- The Washington Times - Wednesday, May 5, 2010


Japan protests to Beijing over East China Sea chase

TOKYO | Japan on Tuesday protested to Beijing after an inspection ship chased down a Japanese ocean surveying vessel in the East China Sea, the coast guard said.

The incident occurred Monday about 198 miles northwest of Japan’s southern Amami Oshima island, he said.

“The Chinese ship Haijian 51 approached the Japanese surveying vessel, the Shoyo, and chased it down for hours while demanding it leave Chinese waters,” said the Japanese official who asked not to be named.

“It was the first time that a Chinese ship has demanded Japan’s survey vessel stop its work in its EEZ [exclusive economic zone],” he said, adding that the Japanese ship was conducting its oceanographic survey.

“The Japanese Foreign Ministry on Tuesday lodged a protest against Beijing over the incident,” he added.

Ties between Tokyo and Beijing have been strained over territorial disputes in the East China Sea. There are four controversial Chinese gas fields in the East China Sea that Japan says extend into its own EEZ.


U.S. urges more effort from China in Afghanistan

BEIJING | A top U.S. official Tuesday urged China to step up its contribution to the international effort in Afghanistan and assured Beijing that U.S. troop withdrawals set for next year would not be hasty.

“One of our highest strategic priorities is to help Afghanistan and Pakistan disrupt, dismantle and defeat al Qaeda and its affiliates,” U.S. Assistant Secretary of State Robert Blake told reporters.

“This is an interest that China shares, so we discussed ways China can coordinate with and contribute to international efforts in both of those countries.”

During his two-day visit, Mr. Blake said he held talks with Chinese Assistant Foreign Minister Hu Zhengyue and headed the U.S. delegation in dialogue on South Asian issues.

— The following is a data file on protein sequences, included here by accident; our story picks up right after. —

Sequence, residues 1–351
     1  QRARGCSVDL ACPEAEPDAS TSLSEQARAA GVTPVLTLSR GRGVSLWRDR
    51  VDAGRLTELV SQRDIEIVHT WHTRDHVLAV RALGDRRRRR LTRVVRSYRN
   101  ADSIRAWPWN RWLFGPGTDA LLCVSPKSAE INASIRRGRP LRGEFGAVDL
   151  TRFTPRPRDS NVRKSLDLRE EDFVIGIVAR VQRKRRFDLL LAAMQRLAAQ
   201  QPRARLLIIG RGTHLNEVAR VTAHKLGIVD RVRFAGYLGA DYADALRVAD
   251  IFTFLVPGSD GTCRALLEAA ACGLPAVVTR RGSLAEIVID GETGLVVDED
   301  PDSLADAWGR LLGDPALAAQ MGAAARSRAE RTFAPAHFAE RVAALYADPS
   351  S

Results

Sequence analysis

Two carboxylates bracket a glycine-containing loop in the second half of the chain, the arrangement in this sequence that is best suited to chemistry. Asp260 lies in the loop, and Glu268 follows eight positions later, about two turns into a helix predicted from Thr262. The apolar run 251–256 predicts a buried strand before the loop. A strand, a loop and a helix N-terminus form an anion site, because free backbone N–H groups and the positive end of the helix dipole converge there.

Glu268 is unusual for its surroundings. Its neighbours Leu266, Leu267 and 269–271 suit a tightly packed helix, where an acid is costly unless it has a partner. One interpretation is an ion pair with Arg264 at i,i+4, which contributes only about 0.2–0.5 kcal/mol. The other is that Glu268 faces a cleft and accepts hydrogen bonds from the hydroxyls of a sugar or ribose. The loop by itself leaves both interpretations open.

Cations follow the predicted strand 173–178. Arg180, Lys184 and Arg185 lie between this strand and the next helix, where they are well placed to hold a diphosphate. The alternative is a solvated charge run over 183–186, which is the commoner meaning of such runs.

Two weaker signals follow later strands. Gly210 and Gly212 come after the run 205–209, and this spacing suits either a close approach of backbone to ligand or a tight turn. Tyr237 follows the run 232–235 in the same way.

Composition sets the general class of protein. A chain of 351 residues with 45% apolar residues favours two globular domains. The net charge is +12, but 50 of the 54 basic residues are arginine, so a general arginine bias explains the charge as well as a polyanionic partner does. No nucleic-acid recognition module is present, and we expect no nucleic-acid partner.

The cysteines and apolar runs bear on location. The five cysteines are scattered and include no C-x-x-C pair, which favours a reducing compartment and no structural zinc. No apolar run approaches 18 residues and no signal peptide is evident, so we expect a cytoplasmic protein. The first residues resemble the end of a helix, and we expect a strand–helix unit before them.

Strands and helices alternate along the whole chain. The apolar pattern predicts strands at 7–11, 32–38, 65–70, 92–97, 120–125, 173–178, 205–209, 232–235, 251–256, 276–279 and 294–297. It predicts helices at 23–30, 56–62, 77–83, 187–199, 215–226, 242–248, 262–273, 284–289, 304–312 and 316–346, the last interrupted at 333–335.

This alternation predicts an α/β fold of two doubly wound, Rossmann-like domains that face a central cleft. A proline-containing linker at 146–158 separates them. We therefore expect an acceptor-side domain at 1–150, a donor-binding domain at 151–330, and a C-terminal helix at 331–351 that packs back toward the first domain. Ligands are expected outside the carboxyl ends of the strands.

Drones kill low-level militants, few civilians

WASHINGTON | U.S. estimates show CIA drone strikes in Pakistan’s tribal areas over the past two years have killed more than 500 militants — the vast majority of them low-level — but fewer than 30 civilians, officials said Monday.

The number of so-called combatant and noncombatant casualties in the U.S. government tally is sharply lower than some Pakistani press accounts, which have estimated civilian deaths alone at more than 600.

Disclosing a partial tally of drone strikes since the summer of 2008, when the program was ramped up under then-President George W. Bush, could help the U.S. intelligence community counter protests from Pakistan and human rights groups about the civilian death toll.

But the numbers also show the vast majority of the 500 militants killed — more than 90 percent by some measures — are lower-level fighters, raising questions about how much the CIA knows about the targets before they are killed, experts said.


Emergency exits blocked in Mexican fair stampede

MONTERREY | Investigators say one emergency exit was welded shut and another was apparently blocked at a northern Mexico concert where five people died in a human stampede.

Police in Nuevo Leon state also say nobody was searching people for guns at the entrance.

Police have found two bullet casings at the scene of the Sunday stampede, and say the sound of gunshots set off a rush to the exits.

State Police Chief Adrian De La Garza said Tuesday that security video from the event shows a man dressed in black acting suspiciously. He is being sought for questioning. The event’s security chief and two organizers of the Guadalupe fair have been detained on suspicion of negligence.

From wire dispatches and staff reports

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